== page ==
Founded in 2002, our laboratory conducts research on the design and implementation of a wide range of networked computing systems.
Autonomous vehicles use 3D sensors for perception. Cooperative perception enables vehicles to share sensor readings with each other to improve safety. Prior work in cooperative perception scales poorly even with infrastructure support. AUTOCAST1 enables scalable infrastructure-less cooperative perception using direct vehicle-to-vehicle communication. It carefully determines which objects to share based on positional relationships between traffic participants, and the time evolution of their trajectories. It coordinates vehicles and optimally schedules transmissions in a distributed fashion. Extensive evaluation results under different scenarios show that, unlike competing approaches, AUTOCAST can avoid crashes and near-misses which occur frequently without cooperative perception, its performance scales gracefully in dense traffic scenarios providing 2-4x visibility into safety critical objects compared to existing cooperative perception schemes, its transmission schedules can be completed on the real radio testbed, and its scheduling algorithm is near-optimal with negligible computation overhead.
In their quest to provide customers with good tools to manage cloud services, cloud providers are hampered by having very little visibility into cloud service functionality; a provider often only knows where VMs of a service are placed, how the virtual networks are configured, how VMs are provisioned, and how VMs communicate with each other. In this paper, we show that, using the VM-to-VM traffic matrix, we can unearth the functional structure of a cloud service and use it to aid cloud service management. Leveraging the observation that cloud services use well-known design patterns for scaling (e.g., replication, communication locality), we show that clustering the VM-to-VM traffic matrix yields the functional structure of the cloud service. Our clustering algorithm, CloudCluster, must overcome challenges imposed by scale (cloud services contain tens of thousands of VMs) and must be robust to orders-of-magnitude variability in traffic volume and measurement noise. To do this, CloudCluster uses a novel combination of feature scaling, dimensionality reduction, and hierarchical clustering to achieve clustering with over 92% homogeneity and completeness. We show that CloudCluster can be used to explore opportunities to reduce cost for customers, identify anomalous traffic and potential misconfigurations.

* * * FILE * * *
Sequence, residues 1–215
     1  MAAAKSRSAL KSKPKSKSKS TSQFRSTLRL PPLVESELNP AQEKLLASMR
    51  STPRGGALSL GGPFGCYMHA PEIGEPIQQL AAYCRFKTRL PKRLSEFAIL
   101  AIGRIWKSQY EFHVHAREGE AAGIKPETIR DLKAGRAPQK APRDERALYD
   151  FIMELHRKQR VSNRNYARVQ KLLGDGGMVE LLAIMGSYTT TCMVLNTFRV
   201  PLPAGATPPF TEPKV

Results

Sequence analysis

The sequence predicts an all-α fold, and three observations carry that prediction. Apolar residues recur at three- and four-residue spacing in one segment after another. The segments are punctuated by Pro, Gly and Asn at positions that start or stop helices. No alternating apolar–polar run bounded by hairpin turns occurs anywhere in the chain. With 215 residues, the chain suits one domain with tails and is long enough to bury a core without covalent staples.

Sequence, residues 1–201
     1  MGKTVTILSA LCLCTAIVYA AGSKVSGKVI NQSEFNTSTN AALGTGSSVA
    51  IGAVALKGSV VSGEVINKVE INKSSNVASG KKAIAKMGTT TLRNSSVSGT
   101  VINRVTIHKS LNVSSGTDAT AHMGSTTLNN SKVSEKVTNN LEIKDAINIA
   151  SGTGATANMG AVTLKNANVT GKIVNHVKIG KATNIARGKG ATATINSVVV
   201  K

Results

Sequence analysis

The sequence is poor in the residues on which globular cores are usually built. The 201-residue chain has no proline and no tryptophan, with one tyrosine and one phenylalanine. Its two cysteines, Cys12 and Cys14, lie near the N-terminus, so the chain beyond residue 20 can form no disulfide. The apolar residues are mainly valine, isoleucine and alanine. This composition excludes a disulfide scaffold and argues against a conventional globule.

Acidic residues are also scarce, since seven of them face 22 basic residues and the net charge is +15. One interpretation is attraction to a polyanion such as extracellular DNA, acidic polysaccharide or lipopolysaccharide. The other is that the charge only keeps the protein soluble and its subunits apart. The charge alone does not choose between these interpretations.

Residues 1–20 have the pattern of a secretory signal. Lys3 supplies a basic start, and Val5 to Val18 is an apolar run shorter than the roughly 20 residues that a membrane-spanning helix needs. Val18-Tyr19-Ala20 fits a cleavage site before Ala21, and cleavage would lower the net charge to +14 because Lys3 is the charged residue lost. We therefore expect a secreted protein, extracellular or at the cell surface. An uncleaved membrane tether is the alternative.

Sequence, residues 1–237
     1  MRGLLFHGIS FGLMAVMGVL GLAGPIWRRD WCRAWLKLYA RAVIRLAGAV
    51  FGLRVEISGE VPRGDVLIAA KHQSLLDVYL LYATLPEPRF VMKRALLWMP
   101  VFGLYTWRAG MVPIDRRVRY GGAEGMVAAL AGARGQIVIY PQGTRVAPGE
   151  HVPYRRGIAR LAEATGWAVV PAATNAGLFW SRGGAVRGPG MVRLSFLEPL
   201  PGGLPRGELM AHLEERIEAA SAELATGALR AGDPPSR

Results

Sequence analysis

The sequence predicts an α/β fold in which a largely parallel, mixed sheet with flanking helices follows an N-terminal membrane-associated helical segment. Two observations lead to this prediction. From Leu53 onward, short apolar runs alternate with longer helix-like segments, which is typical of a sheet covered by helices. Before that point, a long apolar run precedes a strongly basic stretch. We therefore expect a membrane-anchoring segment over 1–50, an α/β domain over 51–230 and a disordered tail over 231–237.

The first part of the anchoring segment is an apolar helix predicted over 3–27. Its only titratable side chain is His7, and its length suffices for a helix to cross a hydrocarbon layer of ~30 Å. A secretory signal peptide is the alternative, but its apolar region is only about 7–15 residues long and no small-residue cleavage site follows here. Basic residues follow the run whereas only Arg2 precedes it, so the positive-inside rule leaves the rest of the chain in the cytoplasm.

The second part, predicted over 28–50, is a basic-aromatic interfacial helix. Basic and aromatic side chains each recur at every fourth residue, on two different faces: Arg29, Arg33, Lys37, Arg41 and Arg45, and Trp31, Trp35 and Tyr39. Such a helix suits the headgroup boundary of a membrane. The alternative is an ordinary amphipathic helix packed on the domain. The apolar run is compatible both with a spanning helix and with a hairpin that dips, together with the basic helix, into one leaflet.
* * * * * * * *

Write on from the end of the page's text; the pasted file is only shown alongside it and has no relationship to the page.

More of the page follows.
While prior work has explored many proposed datacenter designs, only two designs, Clos-based and expander-based, are generally considered practical because they can scale using commodity switching chips. Prior work has used two different metrics, bisection bandwidth and throughput, for evaluating these topologies at scale. Little is known, theoretically or practically, how these metrics relate to each other. Exploiting characteristics of these topologies, we prove an upper bound on their throughput, then show that this upper bound better estimates worst-case throughput than all previously proposed throughput estimators and scales better than most of them. Using this upper bound, we show that for expander-based topologies, unlike Clos, beyond a certain size of the network, no topology can have full throughput, even if it has full bisection bandwidth; in fact, even relatively small expander-based topologies fail to achieve full throughput. We conclude by showing that using throughput to evaluate datacenter performance instead of bisection bandwidth can alter conclusions in prior work about datacenter cost, manageability, and reliability.
For decades, Internet protocols have been specified using natural language. Given the ambiguity inherent in such text, it is not surprising that protocol implementations have long exhibited bugs. In this paper, we apply natural language processing (NLP) to effect semi-automated generation of protocol implementations from specification text. Our system, Sage, can uncover ambiguous or under-specified sentences in specifications; once these are clarified by the author of the protocol specification, Sage can generate protocol code automatically.Using Sage, we discover 5 instances of ambiguity and 6 instances of under-specification in the ICMP RFC; after fixing these, Sage is able to automatically generate code that interoperates perfectly with Linux implementations. We show that Sage generalizes to sections of BFD, IGMP, and NTP and identify additional conceptual components that Sage needs to support to generalize to complete, complex protocols like BGP and TCP.
Nov 7, 2022
Our Wisden paper receives the Test of Time Award at Sensys!
Sep 5, 2022
Quadrant accepted to SoCC 2022
May 4, 2022
Sarah Cooney accepts position at Villanova University. Congrats!
April 20, 2022
Fawad Ahmad accepts position at Rochester Institute of Technology. Congrats!
April 1, 2022
CloudCluster accepted to NSDI 2022
March 20, 2022
Autocast accepted to MobiSys 2022
December 3, 2021
Optimal Oblivious Routing accepted to Infocom 2022
December 1 2021
Mingyang Zhang joins Google NetInfra Team! Congrats!